Dorothy Valcarcel Devotional - Transformation Gardens Devotions for Women
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Transformation Garden - November 15, 2011

  • 2011 Nov 15


“Then Naomi kissed them and they wept aloud…and Ruth embraced Naomi and held on to her.”
Ruth 1: 9, 14
The Message


“The Invisible Lines of Love”

“Love is the hardest lesson in Christianity; but for that reason it should be our most care to learn it.”
William Penn

How would I define the word “love?”

Has the idea of love lost some meaning as I have lived my life?

“The expression ‘free love’ is a contradiction in terms.  If it’s free, it’s not love; if it’s love, it’s not free.”
David Watson


“Love seeks one thing only: the good of the one loved.”
Thomas Merton

“I love you truly!” “You are my beloved!”  “Love the one you’re with.”  “What’s love got to do with it?”

All these phrases were penned by authors of songs that are supposed to give us a glimpse into the emotional element we call, “love.”  From the promise to love someone “truly” to the opposite end of the spectrum where we question whether love has anything to do with a relationship at all, I believe we can all agree, love appears to be one of those emotions that everybody’s got an opinion about.

In our modern society, where love is talked about so much yet put into practice so little, having someone say they love you has become so common the words often ring hollow.  Especially if you’re on the receiving end of the hurtful side of love.

This morning, I was interviewed on Moody Radio in Chicago about my book, When A Woman Meets Jesus. About half-way through the program, the host, Mark Elfstrand, opened the phone lines asking women to call in.  In the short time we had, five of God’s daughters called.  Three of these girls had suffered the pain of divorce and one had been physically abused.  As I listened to the pain expressed in the voices of these beautiful daughters of the King of the Universe, I wondered to myself, “What does the word love mean to each of these dear girls right now when all they can see are promises broken and lives shattered apart?”

First, we found that in order to build a strong relationship in her family, Naomi accepted her daughters-in-law, girls who others may have said were unacceptable.  Instead, she embraced her sons’ Moabite wives.  But Naomi also served as a witness to these girls by remaining loyal to her Father in heaven, through thick and thin – even when her own life fell apart. And as we learned, the loyalty Naomi’s daughters-in-law showed her was built from the material they found in Naomi’s life.  Her loyalty fostered loyalty in others.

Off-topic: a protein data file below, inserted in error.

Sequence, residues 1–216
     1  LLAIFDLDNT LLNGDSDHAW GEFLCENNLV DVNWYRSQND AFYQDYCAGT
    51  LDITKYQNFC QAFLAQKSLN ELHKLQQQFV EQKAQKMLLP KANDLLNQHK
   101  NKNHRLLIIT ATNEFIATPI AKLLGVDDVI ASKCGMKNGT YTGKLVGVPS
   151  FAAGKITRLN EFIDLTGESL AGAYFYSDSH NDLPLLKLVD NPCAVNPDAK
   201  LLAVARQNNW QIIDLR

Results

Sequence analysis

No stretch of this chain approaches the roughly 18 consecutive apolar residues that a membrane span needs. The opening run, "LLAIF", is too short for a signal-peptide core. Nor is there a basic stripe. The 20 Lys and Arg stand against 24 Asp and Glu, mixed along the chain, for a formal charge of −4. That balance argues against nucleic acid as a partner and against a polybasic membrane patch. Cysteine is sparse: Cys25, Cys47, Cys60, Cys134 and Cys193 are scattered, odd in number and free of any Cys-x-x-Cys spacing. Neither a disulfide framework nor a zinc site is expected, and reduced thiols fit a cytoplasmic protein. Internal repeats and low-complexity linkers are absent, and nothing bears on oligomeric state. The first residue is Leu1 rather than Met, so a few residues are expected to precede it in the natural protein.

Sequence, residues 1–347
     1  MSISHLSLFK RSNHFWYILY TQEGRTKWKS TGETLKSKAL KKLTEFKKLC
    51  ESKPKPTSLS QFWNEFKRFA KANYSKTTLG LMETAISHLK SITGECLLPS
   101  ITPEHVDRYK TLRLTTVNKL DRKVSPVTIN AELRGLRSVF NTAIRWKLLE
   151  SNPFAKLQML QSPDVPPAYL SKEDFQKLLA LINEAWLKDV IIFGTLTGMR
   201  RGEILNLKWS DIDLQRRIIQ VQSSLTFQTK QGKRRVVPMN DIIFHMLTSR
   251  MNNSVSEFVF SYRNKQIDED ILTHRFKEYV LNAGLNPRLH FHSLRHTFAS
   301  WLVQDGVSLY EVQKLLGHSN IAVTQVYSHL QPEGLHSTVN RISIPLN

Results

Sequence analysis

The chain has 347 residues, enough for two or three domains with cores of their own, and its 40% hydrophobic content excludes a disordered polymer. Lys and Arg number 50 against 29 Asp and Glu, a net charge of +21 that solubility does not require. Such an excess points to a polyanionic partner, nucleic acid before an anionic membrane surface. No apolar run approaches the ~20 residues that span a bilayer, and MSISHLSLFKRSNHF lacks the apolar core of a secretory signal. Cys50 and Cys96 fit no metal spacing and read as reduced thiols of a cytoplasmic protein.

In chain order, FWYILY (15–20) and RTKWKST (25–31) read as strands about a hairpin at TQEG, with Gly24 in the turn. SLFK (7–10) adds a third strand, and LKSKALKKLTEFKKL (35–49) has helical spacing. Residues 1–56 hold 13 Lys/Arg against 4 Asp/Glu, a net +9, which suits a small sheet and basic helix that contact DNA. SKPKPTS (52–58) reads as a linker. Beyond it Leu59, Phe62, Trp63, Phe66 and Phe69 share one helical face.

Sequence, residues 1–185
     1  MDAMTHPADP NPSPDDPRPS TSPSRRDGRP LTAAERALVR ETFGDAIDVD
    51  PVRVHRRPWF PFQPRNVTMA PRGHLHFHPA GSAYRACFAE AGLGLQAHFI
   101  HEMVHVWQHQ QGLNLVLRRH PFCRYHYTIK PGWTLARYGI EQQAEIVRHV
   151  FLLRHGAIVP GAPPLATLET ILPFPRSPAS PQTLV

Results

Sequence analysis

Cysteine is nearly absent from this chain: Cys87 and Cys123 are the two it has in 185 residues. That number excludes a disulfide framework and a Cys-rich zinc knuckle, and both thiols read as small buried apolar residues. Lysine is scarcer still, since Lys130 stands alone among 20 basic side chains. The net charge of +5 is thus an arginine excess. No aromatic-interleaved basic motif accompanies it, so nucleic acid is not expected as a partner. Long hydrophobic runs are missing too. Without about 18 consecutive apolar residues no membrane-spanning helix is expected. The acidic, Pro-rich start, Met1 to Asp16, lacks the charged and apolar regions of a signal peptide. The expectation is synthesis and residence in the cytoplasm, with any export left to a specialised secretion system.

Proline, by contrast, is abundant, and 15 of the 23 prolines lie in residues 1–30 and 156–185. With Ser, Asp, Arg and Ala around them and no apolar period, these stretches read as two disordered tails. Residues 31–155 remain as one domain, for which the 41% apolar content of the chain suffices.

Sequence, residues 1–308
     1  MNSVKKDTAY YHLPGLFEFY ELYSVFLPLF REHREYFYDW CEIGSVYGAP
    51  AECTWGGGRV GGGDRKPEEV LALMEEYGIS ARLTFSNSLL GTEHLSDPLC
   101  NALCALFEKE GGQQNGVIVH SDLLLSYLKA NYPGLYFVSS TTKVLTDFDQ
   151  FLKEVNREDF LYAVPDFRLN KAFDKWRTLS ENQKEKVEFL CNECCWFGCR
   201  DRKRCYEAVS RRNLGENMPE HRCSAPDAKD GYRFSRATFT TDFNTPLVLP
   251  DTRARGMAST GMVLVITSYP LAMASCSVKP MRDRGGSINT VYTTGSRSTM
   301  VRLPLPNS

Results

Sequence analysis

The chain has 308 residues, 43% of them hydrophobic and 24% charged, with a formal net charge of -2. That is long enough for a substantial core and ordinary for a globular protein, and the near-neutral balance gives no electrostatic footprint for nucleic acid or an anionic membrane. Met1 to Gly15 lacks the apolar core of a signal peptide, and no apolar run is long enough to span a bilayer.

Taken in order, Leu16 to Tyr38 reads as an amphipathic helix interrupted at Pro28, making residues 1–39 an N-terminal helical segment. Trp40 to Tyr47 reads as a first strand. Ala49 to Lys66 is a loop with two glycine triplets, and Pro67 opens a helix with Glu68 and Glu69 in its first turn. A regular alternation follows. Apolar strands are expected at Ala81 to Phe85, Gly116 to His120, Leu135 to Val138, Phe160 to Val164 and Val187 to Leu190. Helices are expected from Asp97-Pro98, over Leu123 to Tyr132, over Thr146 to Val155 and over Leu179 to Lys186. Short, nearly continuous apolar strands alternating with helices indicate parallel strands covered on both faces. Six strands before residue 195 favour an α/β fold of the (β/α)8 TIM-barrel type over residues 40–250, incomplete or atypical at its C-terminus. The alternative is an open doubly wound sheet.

Today, I want to look at what Naomi’s love meant to Ruth and Orpah and what this kind of love means in your life and mine.  The best way I know to explain the depth and beauty of the love that passed from Naomi’s heart to the hearts of Ruth and Orpah is to share with you an experience described by Helen Keller, who could neither see nor hear.  These are Helen’s words:

I remember the morning that I first asked the meaning of the word ‘love’…Miss Sullivan put her arm gently round me and spelled into my hand, ‘I love Helen.’

‘What is love,’ I asked… ‘Love is something like the clouds that were in the sky before the sun came out,’ she replied.

‘You cannot touch the clouds, you know; but you feel the rain and know how glad the flowers and the thirsty earth are to have it after a hot day.  You cannot touch love either; but you feel the sweetness that it pours into everything.’  The beautiful truth burst upon my mind – I felt that there were invisible lines stretched between my spirit and the spirit of others.”

Naomi didn’t tell Ruth and Orpah what love was.  She didn’t talk about love.  She acted like love.  She was love. She created an invisible line between her heart and the hearts of the precious girls who lived within her walls.

In the words of Martin Luther King, Jr., Naomi showed Ruth and Orpah that love is “God operating in the human heart.”

I am uplifted by this beautiful description penned by Thomas à Kempis for it perfectly describes how Naomi showered the love of God upon those around her:  “Love feels no burden, thinks nothing of trouble, attempts what is above its strength, pleads no excuse of impossibility…for it thinks all things possible.”  I call this type of love – “Naomi love.”  And I pray this is the love I will share just as she did.      

“O God, the well of love and Father of all, make us so to love that we know not but to love every person as Jesus Christ.”
14th Century Prayer


“Lord, I know
that one of the best ways I can show
my love for you
is by loving other people.
Sometimes this is easy –when I’m with people I like—
please help me when loving is hard,
when people are unkind,
when they don’t understand,
when I just don’t like them.
Teach me to love as you loved
when you were walking about in Palestine—
teach me to love as you love now—
Brother Kenneth and Sister Geraldine

Your friend,

Dorothy Valcárcel, Author
When A Woman Meets Jesus
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